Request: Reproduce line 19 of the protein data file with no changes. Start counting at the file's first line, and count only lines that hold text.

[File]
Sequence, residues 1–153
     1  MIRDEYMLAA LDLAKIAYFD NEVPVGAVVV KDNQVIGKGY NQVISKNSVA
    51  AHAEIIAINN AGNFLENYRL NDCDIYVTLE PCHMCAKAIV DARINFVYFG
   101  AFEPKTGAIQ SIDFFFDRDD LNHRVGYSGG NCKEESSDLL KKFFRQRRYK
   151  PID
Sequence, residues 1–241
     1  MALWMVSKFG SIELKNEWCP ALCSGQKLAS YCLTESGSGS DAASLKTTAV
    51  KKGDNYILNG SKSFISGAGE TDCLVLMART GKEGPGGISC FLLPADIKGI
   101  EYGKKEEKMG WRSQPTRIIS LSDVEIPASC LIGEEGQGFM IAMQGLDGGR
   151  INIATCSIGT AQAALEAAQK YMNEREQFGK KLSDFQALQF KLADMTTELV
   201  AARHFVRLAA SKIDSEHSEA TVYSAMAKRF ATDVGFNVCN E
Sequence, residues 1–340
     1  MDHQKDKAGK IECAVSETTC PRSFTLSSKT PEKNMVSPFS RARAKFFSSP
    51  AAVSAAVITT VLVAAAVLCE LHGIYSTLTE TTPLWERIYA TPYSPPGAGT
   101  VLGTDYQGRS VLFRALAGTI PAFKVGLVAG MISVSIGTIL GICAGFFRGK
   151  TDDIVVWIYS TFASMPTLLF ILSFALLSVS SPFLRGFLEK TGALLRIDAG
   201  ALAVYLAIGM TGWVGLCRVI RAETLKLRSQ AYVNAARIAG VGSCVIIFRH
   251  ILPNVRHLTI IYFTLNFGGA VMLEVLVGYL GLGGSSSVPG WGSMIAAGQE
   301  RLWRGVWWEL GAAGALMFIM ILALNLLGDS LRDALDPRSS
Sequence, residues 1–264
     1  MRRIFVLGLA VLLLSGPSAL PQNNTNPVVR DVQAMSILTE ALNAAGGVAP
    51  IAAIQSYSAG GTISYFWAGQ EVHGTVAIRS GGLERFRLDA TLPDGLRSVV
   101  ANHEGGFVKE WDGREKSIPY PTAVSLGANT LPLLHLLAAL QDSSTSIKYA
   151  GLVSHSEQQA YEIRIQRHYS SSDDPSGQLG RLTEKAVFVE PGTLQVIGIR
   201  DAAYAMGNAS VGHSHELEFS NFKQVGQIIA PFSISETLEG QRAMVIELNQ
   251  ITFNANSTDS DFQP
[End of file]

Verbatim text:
   301  RLWRGVWWEL GAAGALMFIM ILALNLLGDS LRDALDPRSS